With sole proprietorships and partnerships, the advantage is that income is recorded on your individual tax return. There is no corporate income tax form to file and no corporate tax to pay. "With a sole proprietorship especially," notes Costello, "you can keep your overhead low. You don't need an accountant to do two forms, so you save yourself the extra accounting fees."
Sole proprietorships and partnerships also permit you to cut Social Security taxes. "If you are a corporation, you must pay FICA taxes at the rate of 13.7%," explains Costello, "whereas if you are a self-employed individual, you pay only a self-employment tax of 11.3%."
The disadvantages of operating as a sole proprietorship or partnership are that health, life, and disability insurance coverage for the principals in the business are not deductible. Also, the owners are personally liable for the debts of the business or if the company is sued for some other reason, such as product liability.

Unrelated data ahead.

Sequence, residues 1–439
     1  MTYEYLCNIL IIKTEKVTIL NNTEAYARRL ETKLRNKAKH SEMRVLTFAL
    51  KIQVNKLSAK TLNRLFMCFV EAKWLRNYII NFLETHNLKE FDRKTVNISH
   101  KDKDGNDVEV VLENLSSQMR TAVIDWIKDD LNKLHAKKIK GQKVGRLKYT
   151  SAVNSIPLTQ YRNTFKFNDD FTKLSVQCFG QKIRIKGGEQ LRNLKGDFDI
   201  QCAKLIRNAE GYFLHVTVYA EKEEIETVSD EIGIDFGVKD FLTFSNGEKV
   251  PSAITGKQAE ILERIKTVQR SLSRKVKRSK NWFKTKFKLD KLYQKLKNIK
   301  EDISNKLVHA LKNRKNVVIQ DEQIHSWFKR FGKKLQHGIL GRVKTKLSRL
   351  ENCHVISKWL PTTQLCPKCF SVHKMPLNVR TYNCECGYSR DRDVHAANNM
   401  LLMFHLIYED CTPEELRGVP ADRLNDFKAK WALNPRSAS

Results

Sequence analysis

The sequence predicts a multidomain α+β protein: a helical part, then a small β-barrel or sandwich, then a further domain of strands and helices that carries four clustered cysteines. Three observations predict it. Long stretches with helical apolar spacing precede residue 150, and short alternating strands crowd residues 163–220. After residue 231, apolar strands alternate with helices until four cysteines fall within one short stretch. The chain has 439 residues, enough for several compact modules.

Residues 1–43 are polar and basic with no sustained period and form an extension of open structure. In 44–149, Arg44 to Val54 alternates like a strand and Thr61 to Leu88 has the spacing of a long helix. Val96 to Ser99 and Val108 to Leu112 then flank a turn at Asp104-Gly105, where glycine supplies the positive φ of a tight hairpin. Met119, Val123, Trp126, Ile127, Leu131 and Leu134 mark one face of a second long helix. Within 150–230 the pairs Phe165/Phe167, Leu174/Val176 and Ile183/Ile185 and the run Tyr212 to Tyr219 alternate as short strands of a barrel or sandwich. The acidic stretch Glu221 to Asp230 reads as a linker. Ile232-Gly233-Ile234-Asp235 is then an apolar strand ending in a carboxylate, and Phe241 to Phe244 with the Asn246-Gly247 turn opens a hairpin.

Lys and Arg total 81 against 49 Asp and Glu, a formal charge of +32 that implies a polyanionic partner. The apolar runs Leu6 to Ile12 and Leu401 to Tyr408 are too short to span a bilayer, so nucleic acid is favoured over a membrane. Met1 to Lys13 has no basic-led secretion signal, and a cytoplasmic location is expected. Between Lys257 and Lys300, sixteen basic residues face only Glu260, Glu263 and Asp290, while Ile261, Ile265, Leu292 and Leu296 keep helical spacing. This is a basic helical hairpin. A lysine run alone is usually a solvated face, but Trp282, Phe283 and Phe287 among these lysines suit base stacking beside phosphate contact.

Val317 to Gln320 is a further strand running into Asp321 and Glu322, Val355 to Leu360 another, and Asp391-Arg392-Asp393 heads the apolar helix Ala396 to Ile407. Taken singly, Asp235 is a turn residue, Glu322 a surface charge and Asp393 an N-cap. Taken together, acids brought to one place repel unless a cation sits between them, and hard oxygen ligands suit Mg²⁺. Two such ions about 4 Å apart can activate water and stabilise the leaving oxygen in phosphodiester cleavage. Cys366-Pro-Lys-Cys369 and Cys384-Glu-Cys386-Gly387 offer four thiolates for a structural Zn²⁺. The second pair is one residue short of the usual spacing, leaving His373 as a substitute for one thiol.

So which form of organization is best for you now? The answer partly depends on your business. "Every scenario is different," says Haddad, "so you really can't avoid pushing a pencil to make these decisions, because it's a little more intricate now. You don't have the overwhelming [pull] of the retirement plans."
Haddad's rule of thumb is to remain a corporation if you need protection from liabilities. "If you're a small retailer," he says, "you probably don't need to be incorporated. But if you're an insulation manufacturer with product liability [hanging over your head], it makes sense to incorporate."
And, Haddad adds, don't overlook the S-Corporation option. An S Corporation offers the same protection as a regular corporation, but income is not subject to the corporate tax. Rather, it flows through your personal tax return -- just as it would if you operated your business as a sole proprietorship or partnership. You have to decide whether this is an advantage, given that you won't have the option of retaining some of the earnings in the corporation.
For more information on forms of organization, try Judith Cowan Zabalaoui's book, How to Use Your Business or Profession as a Tax Shelter (Reston Publishing Co., Reston, Va.; $18), or Irving L. Blackman's The Book of Tax Knowledge (Boardroom Books, New York; $60).